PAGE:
Hoffman focused on the importance of relationships and prayer in her final January board meeting address as national WMU president.

“Relationships and prayer are God’s way of making His dream come true, of making His redemptive purpose and radical vision into reality,” she said. “The best leadership always grows out of relationships. And lest we forget, a servant leader’s relationship with Christ-followers should be more like a shepherd to his sheep than like a cowboy driving his cattle. No wonder the phrase ‘one another’ is so prevalent in the New Testament.”

Hoffman continued, “Nothing builds meaningful and lasting relationships like prayer … for prayer releases God’s power and transforms hearts and minds and attitudes and lives forever.”

After highlighting some significant milestones in WMU’s history, Hoffman asserted that the best years of WMU are just ahead, “so long as we never stop dreaming God’s dream.” In her closing comments, she challenged, “With renewed commitment to our missions purpose, God’s vision, loving relationships with one another and with others, and undergirding all we do with prayer, let us rejoice in the privilege of serving Christ, that we may receive a smile from the Master.”

Sprinkled throughout the meeting, field personnel from the International and North American Mission boards offered devotionals and inspiring accounts of how they have witnessed God at work in their lives and in their ministries.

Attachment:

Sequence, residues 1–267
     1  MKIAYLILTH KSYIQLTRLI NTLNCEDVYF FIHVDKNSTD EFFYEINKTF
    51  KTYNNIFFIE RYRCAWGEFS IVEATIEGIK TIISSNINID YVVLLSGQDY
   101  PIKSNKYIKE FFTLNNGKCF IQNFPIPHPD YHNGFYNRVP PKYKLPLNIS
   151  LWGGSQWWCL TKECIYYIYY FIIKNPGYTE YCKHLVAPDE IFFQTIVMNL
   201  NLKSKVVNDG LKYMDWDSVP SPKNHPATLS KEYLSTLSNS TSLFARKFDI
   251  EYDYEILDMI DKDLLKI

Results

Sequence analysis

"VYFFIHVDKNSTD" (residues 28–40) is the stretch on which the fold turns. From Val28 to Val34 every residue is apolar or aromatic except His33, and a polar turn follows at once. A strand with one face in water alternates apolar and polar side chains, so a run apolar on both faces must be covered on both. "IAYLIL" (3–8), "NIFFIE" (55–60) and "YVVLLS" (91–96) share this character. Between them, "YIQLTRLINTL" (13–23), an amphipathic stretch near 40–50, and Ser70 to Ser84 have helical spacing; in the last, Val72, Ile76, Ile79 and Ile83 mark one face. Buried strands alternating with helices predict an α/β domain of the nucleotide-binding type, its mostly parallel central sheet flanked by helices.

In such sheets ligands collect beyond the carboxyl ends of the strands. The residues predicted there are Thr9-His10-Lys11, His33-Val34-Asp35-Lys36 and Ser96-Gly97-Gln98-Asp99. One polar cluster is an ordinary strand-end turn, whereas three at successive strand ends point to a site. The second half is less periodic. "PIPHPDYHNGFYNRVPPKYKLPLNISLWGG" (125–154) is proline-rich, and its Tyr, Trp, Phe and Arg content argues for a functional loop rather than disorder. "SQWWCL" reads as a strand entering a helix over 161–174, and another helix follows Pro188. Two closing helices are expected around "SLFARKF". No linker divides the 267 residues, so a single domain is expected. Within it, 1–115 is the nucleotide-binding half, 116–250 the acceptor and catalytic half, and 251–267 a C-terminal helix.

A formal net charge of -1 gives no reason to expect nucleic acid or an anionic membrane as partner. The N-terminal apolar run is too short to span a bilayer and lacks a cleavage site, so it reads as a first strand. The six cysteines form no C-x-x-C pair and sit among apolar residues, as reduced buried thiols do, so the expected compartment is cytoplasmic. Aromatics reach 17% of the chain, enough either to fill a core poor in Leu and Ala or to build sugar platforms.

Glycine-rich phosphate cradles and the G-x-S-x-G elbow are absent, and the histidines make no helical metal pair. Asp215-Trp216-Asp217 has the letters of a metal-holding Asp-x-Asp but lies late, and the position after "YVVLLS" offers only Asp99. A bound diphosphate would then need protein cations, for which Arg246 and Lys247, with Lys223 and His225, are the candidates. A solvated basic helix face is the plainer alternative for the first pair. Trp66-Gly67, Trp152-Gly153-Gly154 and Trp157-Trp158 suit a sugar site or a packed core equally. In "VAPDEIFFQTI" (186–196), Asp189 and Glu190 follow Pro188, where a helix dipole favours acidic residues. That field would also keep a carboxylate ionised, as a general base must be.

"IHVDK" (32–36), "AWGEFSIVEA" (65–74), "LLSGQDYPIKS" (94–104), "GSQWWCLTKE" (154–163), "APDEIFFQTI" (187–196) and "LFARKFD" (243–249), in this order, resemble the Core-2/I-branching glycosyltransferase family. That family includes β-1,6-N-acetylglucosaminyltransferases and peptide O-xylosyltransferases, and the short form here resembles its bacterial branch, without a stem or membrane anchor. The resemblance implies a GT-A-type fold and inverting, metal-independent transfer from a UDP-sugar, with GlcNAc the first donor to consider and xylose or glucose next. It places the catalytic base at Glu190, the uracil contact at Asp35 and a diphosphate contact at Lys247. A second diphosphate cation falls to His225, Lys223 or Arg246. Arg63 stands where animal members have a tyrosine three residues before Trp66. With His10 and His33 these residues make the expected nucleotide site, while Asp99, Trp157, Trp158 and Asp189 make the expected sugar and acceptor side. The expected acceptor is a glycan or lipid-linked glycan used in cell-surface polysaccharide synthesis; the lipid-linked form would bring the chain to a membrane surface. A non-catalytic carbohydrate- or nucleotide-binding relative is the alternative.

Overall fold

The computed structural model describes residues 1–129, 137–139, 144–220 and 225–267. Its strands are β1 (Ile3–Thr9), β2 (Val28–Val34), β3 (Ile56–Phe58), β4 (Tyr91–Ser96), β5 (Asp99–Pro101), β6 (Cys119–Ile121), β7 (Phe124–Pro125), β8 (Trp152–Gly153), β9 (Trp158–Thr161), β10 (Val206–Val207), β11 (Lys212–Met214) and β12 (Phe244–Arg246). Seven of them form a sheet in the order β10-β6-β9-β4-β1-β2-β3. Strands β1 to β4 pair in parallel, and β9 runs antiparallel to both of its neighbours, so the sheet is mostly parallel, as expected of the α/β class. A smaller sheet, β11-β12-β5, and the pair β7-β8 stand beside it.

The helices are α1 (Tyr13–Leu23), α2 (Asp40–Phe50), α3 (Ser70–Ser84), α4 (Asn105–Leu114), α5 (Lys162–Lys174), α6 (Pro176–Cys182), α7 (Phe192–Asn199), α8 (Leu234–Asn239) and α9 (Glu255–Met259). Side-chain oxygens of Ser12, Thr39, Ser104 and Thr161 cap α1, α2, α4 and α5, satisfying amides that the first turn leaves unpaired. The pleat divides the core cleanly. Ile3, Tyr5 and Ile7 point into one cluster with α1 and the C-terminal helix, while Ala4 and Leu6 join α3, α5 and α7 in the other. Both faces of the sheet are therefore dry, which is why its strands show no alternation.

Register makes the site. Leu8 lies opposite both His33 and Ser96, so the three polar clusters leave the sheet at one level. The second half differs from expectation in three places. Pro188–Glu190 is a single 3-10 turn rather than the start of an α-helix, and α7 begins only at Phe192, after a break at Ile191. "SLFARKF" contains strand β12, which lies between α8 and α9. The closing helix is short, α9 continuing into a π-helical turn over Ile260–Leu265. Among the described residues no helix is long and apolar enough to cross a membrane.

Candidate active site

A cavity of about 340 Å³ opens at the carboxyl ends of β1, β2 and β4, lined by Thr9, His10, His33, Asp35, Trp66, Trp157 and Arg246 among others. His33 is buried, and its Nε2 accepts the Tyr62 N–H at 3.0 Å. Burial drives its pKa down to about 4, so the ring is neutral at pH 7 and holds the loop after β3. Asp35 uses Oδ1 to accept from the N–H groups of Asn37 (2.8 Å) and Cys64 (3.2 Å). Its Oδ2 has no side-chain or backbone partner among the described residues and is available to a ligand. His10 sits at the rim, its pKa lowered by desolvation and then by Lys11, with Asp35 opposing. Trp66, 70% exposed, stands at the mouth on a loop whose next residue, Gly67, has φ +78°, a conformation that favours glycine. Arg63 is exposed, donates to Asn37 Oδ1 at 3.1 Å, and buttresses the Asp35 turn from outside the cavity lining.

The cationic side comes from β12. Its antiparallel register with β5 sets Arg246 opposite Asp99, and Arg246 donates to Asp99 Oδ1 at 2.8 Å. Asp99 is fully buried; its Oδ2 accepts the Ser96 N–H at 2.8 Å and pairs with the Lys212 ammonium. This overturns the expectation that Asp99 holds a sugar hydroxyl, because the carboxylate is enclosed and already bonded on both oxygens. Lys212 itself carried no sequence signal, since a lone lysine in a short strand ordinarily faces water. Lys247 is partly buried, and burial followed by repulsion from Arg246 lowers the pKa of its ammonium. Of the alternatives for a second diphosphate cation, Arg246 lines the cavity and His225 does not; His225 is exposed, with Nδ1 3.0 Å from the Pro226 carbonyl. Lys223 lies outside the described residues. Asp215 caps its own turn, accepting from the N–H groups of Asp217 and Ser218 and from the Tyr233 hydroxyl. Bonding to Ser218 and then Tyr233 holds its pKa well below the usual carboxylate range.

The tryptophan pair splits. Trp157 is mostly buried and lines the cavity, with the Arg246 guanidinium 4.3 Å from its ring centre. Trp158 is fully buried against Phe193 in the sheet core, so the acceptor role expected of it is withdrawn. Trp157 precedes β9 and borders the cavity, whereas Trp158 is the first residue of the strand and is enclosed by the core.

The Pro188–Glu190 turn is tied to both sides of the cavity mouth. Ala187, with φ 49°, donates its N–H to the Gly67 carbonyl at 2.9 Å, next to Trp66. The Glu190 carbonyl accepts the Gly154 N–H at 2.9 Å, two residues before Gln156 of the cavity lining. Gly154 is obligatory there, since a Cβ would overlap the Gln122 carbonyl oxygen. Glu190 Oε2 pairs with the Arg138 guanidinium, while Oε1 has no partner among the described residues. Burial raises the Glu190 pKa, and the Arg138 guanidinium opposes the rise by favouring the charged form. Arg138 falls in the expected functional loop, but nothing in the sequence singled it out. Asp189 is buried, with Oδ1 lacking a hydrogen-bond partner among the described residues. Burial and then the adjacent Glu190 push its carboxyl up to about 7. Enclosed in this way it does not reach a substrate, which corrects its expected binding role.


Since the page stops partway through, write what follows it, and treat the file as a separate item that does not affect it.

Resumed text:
Featured North American missionaries were Grace McGraw, who directs an after-school tutoring and GED program with her husband, John, to inner-city children through M-Power Ministries in Birmingham, Ala., and Jamae Smith, who ministers along with her husband, Troy, to people in Portland, Ore., with alcohol, drug or other addictions through SAFE (Setting Addicts Free Eternally). The McGraws and the Smiths have been selected as featured missionaries during the Week of Prayer for the 2005 North American Missions Emphasis, March 6–13.

From the International Mission Board, two representatives to southern Asia also provided moving accounts of how God is working in the wake of the Dec. 26 earthquake and tsunami.

In addition, Nate Adams, vice president of mobilization and media for the North American Mission Board, and Wendy Norvelle, associate vice president for SBC relations for the International Mission Board, outlined the Acts 1:8 Challenge, a joint effort of both boards to further involve churches in missions.

In other business, the executive board:

— approved Caroline Jones as missions innovator for national WMU. Jones previously served as consultant for national WMU’s multicultural resource team. She replaces Sylvia DeLoach who retired Jan. 31.

— approved the dates of Sept. 23–25, 2005, Sept. 22–24, 2006; and Sept. 21–23, 2007, for national events for Sisters Who Care, an expression of Women on Mission. The event in 2005 will be held in Birmingham, Ala.; the location for the 2006 and 2007 events is yet to be determined.

— approved Missions Interchange as the name for WMU’s approach for involving collegiate women in missions. WMU’s website for collegiate women interested in missions, www.missionsinterchange.com, launched in August 2004.

— approved the dates of Feb. 15–18, 2007, and Feb. 7–10, 2008, for the Training Effective Leaders (TEL) conference to be held at Shocco Springs. TEL conferences also will be offered in the western part of the United States, but the dates and locations are yet to be determined.

— approved the next National Acteens Convention (NAC) to be held July 10–13, 2007, in Kansas City, Mo.

— approved the scheduling of WMU annual meeting business sessions in 2006 at LifeWay’s Ridgecrest Conference Center during the national Discover the Joy of Missions event, Sept. 27–Oct. 1, 2006.